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Old 01-01-2014, 09:00 AM   #1
685 OP
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Suggestions for checking a used 5 speed?

I'm going to pick up my used R60/6 transmission. I've committed to buying it, but reserved the right to reject it if it's got obvious deficits.

So, I'm open to any suggestions for checking the box out. It will be on the tailgate of my pickup, easy to wiggle shafts, run it through the gears, etc.

TIA!

(Going to work for the next 5 or 6 hours, so I may not post any answers for a while)
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Old 01-01-2014, 09:14 AM   #2
Rob Farmer
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Theres not a lot you can do to check when it's loose.

Put it in neutral and turn the output shaft slowly, it should be smooth with a little resistance from the oil.

Then do the same with the input shaft, again it should be smooth.

Check for wear on the input splines - the teeth shouldn't be overly sharp and should be even along the length.

obviously the Gear change should work but you may need to turn the output shaft if you're going through the gears using the leverl.

Checkout the threads for the drain and neutral light.

Very important on the heavy flywheel bikes. Inspect the release bearing tunnel for signs of a groove. If the release bearings collapsed at some time in the past the whole lot can spin at engine speed rapidly wearing a groove in the tunnel that prevents a smooth action.

It's not easy to see but try and look at the input side where the oil seal sits on the input shaft. There ideally shouldn't be any sign of oil leaks. The seals go hard over time and when combined with dirt can wear a groove in the shaft. The only option is to replace the input shaft bearing.

you can see the seal marks on this one. You can also see how sharp the teeth are on the input splines.

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Old 01-01-2014, 09:30 AM   #3
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Quote:
Originally Posted by 685 View Post
I'm going to pick up my used R60/6 transmission. I've committed to buying it, but reserved the right to reject it if it's got obvious deficits.

So, I'm open to any suggestions for checking the box out. It will be on the tailgate of my pickup, easy to wiggle shafts, run it through the gears, etc.

TIA!

(Going to work for the next 5 or 6 hours, so I may not post any answers for a while)
I have a few extra transmissions sitting around. I've avoided selling them as I cannot verify their proper function.
All the outward signs are good but one never really can tell until they are in action. Often they will be "quirky" when attempting to "dry shift" on a bench.
I drained the oil on each one and the oil looked clean with no "chunks" on the magnets.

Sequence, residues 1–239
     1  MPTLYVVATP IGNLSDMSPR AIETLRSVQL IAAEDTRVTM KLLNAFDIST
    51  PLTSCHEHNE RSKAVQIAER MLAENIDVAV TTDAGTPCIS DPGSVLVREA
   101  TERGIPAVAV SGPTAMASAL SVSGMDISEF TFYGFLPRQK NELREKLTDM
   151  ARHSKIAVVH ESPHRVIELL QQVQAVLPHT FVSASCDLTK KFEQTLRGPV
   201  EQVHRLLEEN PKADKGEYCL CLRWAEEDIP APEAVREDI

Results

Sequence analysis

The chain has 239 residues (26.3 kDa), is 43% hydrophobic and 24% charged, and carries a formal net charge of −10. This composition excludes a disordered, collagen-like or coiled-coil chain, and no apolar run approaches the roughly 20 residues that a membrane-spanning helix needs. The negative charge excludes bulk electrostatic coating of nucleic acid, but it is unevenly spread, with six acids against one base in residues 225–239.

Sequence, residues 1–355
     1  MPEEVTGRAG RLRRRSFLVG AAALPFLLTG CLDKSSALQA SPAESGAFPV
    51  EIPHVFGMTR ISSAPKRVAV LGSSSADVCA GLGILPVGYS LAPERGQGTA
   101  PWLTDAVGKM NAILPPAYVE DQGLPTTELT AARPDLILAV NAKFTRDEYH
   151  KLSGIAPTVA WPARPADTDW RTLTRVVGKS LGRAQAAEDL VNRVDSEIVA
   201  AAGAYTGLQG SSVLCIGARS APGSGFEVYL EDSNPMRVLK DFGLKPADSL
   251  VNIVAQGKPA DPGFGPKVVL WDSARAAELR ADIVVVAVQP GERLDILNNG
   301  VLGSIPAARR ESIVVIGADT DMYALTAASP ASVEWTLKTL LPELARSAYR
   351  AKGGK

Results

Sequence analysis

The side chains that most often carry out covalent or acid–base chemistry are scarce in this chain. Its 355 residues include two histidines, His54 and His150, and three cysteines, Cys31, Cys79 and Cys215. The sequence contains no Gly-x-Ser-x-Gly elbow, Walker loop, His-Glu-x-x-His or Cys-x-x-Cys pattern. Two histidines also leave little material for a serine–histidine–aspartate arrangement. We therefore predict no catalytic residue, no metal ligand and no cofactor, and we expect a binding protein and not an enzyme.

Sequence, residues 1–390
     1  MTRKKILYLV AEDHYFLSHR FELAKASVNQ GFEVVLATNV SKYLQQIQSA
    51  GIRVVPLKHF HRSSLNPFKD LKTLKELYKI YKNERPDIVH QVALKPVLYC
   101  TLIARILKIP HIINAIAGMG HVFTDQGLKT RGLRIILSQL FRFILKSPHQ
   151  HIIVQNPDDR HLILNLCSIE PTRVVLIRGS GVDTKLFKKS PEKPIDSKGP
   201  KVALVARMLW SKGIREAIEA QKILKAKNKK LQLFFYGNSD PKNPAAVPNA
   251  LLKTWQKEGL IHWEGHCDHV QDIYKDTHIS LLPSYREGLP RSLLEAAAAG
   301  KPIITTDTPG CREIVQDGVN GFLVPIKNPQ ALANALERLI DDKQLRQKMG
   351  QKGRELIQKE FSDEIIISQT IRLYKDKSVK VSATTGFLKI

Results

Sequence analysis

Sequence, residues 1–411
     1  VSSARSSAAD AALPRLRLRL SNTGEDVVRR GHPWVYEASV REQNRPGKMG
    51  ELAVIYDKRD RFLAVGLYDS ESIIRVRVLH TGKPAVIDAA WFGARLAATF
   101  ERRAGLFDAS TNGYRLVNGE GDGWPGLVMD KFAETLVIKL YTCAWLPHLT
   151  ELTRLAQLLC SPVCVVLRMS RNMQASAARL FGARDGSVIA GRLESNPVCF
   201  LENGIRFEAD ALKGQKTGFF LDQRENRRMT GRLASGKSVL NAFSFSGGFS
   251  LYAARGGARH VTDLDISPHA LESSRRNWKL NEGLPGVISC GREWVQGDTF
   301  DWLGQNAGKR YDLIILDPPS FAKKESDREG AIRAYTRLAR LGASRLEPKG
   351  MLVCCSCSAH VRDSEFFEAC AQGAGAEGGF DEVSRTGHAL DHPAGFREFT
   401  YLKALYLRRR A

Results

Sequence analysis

Hopefully I haven't been hoarding junk transmissions. These came from machines which ended their lives due engine issues so I hope they are good. I guess I'll wait until I need one and "roll the dice".
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bmwhacker screwed with this post 01-01-2014 at 09:43 AM
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Old 01-01-2014, 10:26 AM   #4
disston
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Everything that has already been said and I will repeat the one about, don't expect the shifting operation to be revealing while going through the gears. They don't shift well with out the motor turning the input. One of the major problems an Airhead 5 speed can have is popping out of gear when you apply the juice. You can't check for this until the trans is in a bike.

Some of the common places to have cracks in the case are the stand off in the lower right side for the clutch cable, the large round flange around the output shaft (where the rubber boot fits) and the stanchions for the throw out arm.
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Old 01-01-2014, 10:28 AM   #5
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Rob,

I don't think that shaft is bad. It has marks but not grooves. The teeth are sharp but still looks good in that photo. Maybe it's worse in person?

Charlie
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Old 01-01-2014, 10:34 AM   #6
Rob Farmer
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Quote:
Originally Posted by disston View Post
Rob,

I don't think that shaft is bad. It has marks but not grooves. The teeth are sharp but still looks good in that photo. Maybe it's worse in person?

Charlie
It's not Charlie. I did say the "seal marks" rather than the groove worn by the seal. I was just trying to point out what to check for with the oil seal. When you have that shaft in your hand the teeth are a little sharper than I'd like and the clutch plate rattles a little. It always hard to photograph old bike bits.
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Old 01-01-2014, 10:39 AM   #7
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I think every one of the input shafts I have access to are just a little too sharp.

Sorry, I wasn't sure what you were saying. It's that separated by a common language problem again maybe.
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Old 01-01-2014, 10:43 AM   #8
Rob Farmer
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Quote:
Originally Posted by disston View Post
I think every one of the input shafts I have access to are just a little too sharp.

Sorry, I wasn't sure what you were saying. It's that separated by a common language problem again maybe.
It's my poor English that's the problem. Unfortunately I've spoken it all my life. I'll get the hang of it one day
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Old 01-01-2014, 04:13 PM   #9